Chapter 13 Bankruptcy
Chapter 13 bankruptcy can be a good debt relief option for people who have a steady income but just can’t keep up with their monthly bills. Also referred to as a wage earner plan, Chapter 13 is a type of debt reorganization that allows you to repay your debt over a three- to five-year period according to a court-approved repayment plan, often at more favorable rates and a lower principal designed to fit into your budget.
Proper filing of a Chapter 13 petition can be complicated, and the assistance of an experienced bankruptcy attorney can help to ensure that the entire process goes smoothly. At the Steadman Law Firm, P.A., we will work with you to gather all the appropriate information and complete all the necessary forms for the petition, and to help you devise a preliminary repayment plan.
Advantages of Chapter 13 Bankruptcy
There are some distinct advantages to filing for Chapter 13 bankruptcy. Unlike Chapter 7 bankruptcy, you do not risk losing any of your property in a Chapter 13 filing. In addition, filing for bankruptcy under any chapter creates an automatic stay against any further collection activity from your creditors. This means that you won’t receive any more harassing phone calls or letters and any foreclosure or repossession action will be ordered to stop immediately upon filing of the case. By closely reviewing our clients’ unique situations, our bankruptcy attorneys can help you in your case.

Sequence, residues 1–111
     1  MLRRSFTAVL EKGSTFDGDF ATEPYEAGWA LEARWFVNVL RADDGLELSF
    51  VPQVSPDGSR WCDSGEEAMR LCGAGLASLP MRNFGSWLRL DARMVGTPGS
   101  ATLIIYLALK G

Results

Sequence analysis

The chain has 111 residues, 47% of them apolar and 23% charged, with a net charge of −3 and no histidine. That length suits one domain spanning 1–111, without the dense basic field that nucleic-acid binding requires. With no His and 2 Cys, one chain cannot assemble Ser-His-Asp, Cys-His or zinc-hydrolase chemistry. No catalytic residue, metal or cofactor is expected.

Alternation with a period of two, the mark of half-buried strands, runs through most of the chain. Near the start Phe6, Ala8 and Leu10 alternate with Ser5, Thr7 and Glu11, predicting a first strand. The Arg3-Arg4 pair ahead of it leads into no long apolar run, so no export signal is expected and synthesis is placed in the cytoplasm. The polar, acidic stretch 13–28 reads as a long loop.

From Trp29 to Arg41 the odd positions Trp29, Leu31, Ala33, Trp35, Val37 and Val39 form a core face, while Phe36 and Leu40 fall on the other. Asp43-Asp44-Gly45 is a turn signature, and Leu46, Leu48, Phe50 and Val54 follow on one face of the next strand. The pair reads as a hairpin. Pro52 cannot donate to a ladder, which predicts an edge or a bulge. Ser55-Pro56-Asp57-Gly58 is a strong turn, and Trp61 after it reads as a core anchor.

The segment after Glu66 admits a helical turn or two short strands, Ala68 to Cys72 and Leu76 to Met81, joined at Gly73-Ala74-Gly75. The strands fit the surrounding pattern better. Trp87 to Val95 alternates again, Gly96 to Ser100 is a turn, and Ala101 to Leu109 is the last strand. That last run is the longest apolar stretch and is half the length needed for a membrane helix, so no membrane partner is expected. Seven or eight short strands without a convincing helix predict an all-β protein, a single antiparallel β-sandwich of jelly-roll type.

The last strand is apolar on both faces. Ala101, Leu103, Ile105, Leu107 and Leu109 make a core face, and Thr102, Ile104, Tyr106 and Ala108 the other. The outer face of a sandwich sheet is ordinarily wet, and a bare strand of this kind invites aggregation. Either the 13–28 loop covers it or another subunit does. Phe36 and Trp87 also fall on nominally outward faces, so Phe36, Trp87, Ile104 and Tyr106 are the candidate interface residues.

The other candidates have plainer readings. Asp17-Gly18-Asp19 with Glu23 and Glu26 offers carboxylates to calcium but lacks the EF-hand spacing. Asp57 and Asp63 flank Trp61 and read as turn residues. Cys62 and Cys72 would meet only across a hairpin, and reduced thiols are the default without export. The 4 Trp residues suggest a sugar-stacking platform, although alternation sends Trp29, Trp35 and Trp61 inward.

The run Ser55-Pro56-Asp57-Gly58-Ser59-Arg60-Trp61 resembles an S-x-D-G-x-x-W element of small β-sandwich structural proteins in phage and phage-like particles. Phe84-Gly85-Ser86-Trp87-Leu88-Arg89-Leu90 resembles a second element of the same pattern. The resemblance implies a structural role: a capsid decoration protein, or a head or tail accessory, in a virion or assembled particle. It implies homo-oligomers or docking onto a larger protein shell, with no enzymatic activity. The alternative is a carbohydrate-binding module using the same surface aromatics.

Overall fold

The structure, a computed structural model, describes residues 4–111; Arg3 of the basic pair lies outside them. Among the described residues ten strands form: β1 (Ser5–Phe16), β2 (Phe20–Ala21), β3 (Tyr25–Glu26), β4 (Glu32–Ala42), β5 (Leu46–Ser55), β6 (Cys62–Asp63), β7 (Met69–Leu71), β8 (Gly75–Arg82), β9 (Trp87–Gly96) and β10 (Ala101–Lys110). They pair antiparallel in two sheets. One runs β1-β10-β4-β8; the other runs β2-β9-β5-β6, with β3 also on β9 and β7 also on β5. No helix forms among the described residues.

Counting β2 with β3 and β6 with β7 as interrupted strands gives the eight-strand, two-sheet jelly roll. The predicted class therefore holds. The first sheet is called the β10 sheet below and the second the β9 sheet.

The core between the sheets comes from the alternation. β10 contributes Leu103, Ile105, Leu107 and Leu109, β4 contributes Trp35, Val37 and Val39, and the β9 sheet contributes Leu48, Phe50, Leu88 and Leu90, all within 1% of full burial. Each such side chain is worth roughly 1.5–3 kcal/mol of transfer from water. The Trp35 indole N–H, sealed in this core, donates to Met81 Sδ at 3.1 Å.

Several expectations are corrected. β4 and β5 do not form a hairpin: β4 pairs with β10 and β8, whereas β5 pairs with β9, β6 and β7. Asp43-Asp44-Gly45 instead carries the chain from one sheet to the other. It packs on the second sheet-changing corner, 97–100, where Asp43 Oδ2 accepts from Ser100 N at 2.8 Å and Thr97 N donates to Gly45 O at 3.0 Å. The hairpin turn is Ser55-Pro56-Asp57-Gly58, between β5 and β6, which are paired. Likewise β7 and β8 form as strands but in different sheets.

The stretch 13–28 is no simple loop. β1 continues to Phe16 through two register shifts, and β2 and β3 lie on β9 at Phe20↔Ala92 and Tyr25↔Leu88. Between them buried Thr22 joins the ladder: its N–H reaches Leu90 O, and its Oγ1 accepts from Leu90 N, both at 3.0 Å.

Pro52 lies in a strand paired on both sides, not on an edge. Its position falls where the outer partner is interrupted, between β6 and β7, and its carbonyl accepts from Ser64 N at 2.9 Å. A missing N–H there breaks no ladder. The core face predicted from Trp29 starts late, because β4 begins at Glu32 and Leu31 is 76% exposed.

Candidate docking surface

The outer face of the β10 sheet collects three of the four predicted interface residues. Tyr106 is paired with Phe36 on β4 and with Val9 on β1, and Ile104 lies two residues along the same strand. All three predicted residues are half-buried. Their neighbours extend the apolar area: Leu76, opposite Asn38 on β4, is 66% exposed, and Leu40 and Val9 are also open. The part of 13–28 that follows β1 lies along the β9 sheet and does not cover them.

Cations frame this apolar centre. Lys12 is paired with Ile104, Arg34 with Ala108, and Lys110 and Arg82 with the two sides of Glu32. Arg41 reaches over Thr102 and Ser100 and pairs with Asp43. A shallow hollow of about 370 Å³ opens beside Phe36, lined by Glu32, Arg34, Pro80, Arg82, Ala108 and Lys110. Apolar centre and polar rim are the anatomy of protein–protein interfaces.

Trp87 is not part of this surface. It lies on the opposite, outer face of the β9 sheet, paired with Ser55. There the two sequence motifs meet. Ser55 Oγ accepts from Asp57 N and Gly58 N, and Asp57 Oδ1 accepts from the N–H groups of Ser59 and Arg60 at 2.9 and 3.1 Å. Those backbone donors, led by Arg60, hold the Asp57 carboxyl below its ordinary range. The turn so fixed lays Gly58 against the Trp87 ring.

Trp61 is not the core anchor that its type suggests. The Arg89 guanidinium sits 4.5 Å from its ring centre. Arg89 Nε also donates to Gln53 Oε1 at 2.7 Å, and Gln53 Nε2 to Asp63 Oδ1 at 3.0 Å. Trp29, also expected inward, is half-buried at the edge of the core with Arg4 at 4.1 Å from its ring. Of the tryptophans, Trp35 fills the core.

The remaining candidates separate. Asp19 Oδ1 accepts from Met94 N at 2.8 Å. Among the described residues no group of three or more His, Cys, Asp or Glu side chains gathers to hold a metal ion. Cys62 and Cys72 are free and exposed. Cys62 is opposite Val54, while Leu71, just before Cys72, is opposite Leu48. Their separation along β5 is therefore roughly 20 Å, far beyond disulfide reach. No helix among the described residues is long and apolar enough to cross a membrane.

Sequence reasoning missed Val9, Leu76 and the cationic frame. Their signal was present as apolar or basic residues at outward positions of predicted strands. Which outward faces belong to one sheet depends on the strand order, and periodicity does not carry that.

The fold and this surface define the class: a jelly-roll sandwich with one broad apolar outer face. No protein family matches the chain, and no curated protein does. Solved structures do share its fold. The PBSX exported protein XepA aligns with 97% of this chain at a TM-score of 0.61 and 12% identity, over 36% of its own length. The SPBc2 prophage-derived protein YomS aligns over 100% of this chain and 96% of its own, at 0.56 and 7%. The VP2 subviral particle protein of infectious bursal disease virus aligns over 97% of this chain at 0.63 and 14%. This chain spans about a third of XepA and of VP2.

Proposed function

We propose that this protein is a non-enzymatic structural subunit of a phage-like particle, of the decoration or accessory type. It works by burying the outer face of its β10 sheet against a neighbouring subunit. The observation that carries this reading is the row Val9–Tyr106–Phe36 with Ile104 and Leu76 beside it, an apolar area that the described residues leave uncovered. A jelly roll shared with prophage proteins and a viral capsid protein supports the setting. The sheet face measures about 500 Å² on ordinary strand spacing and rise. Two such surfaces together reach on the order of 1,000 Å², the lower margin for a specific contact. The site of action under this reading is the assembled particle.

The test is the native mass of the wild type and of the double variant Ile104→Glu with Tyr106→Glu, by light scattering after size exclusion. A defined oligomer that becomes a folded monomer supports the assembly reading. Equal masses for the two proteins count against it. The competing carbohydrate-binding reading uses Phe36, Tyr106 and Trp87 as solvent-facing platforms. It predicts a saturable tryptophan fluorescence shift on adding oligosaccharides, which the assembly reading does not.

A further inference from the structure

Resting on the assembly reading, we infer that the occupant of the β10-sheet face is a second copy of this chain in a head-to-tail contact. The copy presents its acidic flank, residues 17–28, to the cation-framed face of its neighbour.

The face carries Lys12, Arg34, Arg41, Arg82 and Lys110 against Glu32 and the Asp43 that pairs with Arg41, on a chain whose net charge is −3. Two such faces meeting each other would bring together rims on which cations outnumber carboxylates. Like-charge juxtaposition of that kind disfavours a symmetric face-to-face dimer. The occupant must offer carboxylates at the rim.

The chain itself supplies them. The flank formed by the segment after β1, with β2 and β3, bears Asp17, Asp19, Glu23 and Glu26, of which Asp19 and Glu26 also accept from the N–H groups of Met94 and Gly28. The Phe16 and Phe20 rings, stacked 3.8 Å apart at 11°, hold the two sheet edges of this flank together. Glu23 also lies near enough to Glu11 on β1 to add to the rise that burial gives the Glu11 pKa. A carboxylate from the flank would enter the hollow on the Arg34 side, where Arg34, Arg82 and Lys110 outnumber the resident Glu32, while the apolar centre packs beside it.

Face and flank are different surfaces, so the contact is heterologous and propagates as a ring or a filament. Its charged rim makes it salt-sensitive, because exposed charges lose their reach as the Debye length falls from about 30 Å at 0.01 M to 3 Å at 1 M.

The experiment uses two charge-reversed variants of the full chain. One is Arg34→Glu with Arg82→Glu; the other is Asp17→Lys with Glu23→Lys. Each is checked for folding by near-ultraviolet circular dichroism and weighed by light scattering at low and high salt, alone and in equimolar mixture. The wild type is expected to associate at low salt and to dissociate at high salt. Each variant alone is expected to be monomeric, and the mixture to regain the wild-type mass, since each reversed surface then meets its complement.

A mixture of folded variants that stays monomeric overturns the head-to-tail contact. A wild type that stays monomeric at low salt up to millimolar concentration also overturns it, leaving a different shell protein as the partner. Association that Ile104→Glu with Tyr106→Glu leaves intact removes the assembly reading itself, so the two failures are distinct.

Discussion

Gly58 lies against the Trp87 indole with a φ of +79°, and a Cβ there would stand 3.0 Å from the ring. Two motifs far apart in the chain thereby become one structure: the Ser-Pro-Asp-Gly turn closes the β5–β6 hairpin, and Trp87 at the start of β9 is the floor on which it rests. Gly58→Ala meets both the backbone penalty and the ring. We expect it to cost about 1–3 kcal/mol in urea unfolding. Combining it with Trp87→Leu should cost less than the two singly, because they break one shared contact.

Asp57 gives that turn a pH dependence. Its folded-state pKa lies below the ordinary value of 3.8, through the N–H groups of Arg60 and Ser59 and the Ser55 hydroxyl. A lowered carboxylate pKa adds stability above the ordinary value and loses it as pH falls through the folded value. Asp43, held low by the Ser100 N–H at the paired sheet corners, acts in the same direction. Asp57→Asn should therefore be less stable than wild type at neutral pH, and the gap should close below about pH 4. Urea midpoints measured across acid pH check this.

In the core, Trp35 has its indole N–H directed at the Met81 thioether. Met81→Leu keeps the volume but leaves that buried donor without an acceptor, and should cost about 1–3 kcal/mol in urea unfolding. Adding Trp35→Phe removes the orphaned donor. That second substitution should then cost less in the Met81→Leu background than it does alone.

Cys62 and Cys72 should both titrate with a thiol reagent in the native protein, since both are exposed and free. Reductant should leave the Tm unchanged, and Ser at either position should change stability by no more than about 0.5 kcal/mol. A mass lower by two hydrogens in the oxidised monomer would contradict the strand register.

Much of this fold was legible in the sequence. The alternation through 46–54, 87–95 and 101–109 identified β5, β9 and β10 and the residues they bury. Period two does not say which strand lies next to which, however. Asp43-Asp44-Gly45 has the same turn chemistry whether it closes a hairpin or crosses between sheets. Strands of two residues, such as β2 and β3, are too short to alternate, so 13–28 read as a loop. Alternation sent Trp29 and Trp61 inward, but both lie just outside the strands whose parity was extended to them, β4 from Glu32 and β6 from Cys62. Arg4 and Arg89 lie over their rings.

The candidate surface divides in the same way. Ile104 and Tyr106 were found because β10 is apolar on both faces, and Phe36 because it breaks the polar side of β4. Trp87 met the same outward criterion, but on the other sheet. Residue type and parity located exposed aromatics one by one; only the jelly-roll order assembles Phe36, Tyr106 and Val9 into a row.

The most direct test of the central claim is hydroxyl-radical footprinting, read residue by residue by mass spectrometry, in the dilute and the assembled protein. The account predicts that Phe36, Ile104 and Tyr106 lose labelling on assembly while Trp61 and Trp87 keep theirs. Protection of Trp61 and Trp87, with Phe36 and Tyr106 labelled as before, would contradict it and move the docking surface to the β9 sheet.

Eligibility for Chapter 13 Bankruptcy
Chapter 13 has specific eligibility requirements. These are different from Chapter 7. In Chapter 7, the eligibility requirements are defined by how much you make. Chapter 13 eligibility requirements are defined by how much you owe and whether or not you can pay your debts back.
- Limits on the amount of debt you owe. While each year the exact number changes, adjusted for inflation, through 2019 the amount of money you have in secured debts cannot exceed $394,725. Your unsecured debts cannot exceed $1,184,200. These numbers will go up again in 2020.
- Proof of steady income. Since Chapter 13 bankruptcy reorganizes your debt into a payment plan, you must be able to show that you can, in fact, make payments. Your lawyer will help identify your income, expenses, and will submit a repayment plan to the court. Your creditors will have a chance to look over the plan and either accept or reject it. If your income is not enough to meet the obligations of the repayment plan, the court will reject your offer.
It is also worth noting that only individuals or married couples filing jointly can apply for Chapter 13 bankruptcy. Businesses cannot.
Fees Associated with Chapter 13 Bankruptcy
Perhaps not quite ironically, there are fees associated with the cost of filing for Chapter 13 bankruptcy. In addition, debtors are obliged to take “classes” and present certificates of completion to the court.
The first class you take is on credit counseling. The class helps you determine whether or not you have sufficient income to pay your creditors. There is a second “debtor education” class that you’ll need to take. These classes will cost around $35 a piece. In dire circumstances, these costs can be waived but Chapter 13 filers seldom qualify for the waiver.
Filing a Chapter 13 Bankruptcy Repayment Plan
You or your lawyer will need to present a repayment plan to your creditors and the court. The creditors and the bankruptcy trustee, who represents the court in these matters, will have a chance to object to your repayment plan. If you (or your lawyer) can tweak the numbers and satisfy everyone, the court will confirm your plan at the confirmation hearing.
Debts Repaid in Chapter 13 Bankruptcy